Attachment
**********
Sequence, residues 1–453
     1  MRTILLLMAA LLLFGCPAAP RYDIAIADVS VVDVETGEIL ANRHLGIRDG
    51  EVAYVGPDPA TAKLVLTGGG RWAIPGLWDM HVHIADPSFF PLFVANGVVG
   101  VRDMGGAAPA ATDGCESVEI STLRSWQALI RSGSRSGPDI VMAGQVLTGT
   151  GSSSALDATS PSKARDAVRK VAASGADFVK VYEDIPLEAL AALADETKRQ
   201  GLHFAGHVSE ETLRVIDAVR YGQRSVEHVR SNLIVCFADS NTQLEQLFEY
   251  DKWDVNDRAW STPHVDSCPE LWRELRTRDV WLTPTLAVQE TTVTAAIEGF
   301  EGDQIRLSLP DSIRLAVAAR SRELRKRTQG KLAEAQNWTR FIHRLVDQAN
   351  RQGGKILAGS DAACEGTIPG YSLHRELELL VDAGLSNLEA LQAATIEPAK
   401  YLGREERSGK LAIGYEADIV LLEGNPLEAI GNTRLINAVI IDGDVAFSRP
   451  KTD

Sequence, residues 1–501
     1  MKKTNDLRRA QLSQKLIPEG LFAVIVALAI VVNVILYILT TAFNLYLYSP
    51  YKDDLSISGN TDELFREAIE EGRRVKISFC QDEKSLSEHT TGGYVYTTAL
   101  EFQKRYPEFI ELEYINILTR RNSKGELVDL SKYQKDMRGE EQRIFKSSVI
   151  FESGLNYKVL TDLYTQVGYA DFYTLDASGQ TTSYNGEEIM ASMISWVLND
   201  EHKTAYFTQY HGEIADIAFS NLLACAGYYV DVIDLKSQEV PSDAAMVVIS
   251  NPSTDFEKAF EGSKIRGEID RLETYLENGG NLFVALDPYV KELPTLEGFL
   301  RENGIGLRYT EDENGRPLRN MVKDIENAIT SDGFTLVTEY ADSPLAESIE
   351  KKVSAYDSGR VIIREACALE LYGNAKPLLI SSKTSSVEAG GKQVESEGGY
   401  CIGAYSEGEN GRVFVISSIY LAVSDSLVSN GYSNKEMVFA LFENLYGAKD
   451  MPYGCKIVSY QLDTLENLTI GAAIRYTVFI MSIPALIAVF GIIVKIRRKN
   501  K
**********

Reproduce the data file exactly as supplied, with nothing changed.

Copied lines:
Sequence, residues 1–453
     1  MRTILLLMAA LLLFGCPAAP RYDIAIADVS VVDVETGEIL ANRHLGIRDG
    51  EVAYVGPDPA TAKLVLTGGG RWAIPGLWDM HVHIADPSFF PLFVANGVVG
   101  VRDMGGAAPA ATDGCESVEI STLRSWQALI RSGSRSGPDI VMAGQVLTGT
   151  GSSSALDATS PSKARDAVRK VAASGADFVK VYEDIPLEAL AALADETKRQ
   201  GLHFAGHVSE ETLRVIDAVR YGQRSVEHVR SNLIVCFADS NTQLEQLFEY
   251  DKWDVNDRAW STPHVDSCPE LWRELRTRDV WLTPTLAVQE TTVTAAIEGF
   301  EGDQIRLSLP DSIRLAVAAR SRELRKRTQG KLAEAQNWTR FIHRLVDQAN
   351  RQGGKILAGS DAACEGTIPG YSLHRELELL VDAGLSNLEA LQAATIEPAK
   401  YLGREERSGK LAIGYEADIV LLEGNPLEAI GNTRLINAVI IDGDVAFSRP
   451  KTD

Sequence, residues 1–501
     1  MKKTNDLRRA QLSQKLIPEG LFAVIVALAI VVNVILYILT TAFNLYLYSP
    51  YKDDLSISGN TDELFREAIE EGRRVKISFC QDEKSLSEHT TGGYVYTTAL
   101  EFQKRYPEFI ELEYINILTR RNSKGELVDL SKYQKDMRGE EQRIFKSSVI
   151  FESGLNYKVL TDLYTQVGYA DFYTLDASGQ TTSYNGEEIM ASMISWVLND
   201  EHKTAYFTQY HGEIADIAFS NLLACAGYYV DVIDLKSQEV PSDAAMVVIS
   251  NPSTDFEKAF EGSKIRGEID RLETYLENGG NLFVALDPYV KELPTLEGFL
   301  RENGIGLRYT EDENGRPLRN MVKDIENAIT SDGFTLVTEY ADSPLAESIE
   351  KKVSAYDSGR VIIREACALE LYGNAKPLLI SSKTSSVEAG GKQVESEGGY
   401  CIGAYSEGEN GRVFVISSIY LAVSDSLVSN GYSNKEMVFA LFENLYGAKD
   451  MPYGCKIVSY QLDTLENLTI GAAIRYTVFI MSIPALIAVF GIIVKIRRKN
   501  K